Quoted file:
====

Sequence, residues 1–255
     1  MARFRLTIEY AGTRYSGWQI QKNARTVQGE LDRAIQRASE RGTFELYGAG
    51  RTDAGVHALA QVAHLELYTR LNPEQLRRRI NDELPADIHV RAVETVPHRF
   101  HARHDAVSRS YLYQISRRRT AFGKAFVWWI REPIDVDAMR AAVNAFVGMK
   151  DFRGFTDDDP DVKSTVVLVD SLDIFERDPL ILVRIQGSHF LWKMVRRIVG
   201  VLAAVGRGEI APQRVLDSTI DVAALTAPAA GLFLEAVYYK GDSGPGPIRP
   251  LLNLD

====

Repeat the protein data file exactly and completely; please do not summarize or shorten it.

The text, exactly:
Sequence, residues 1–255
     1  MARFRLTIEY AGTRYSGWQI QKNARTVQGE LDRAIQRASE RGTFELYGAG
    51  RTDAGVHALA QVAHLELYTR LNPEQLRRRI NDELPADIHV RAVETVPHRF
   101  HARHDAVSRS YLYQISRRRT AFGKAFVWWI REPIDVDAMR AAVNAFVGMK
   151  DFRGFTDDDP DVKSTVVLVD SLDIFERDPL ILVRIQGSHF LWKMVRRIVG
   201  VLAAVGRGEI APQRVLDSTI DVAALTAPAA GLFLEAVYYK GDSGPGPIRP
   251  LLNLD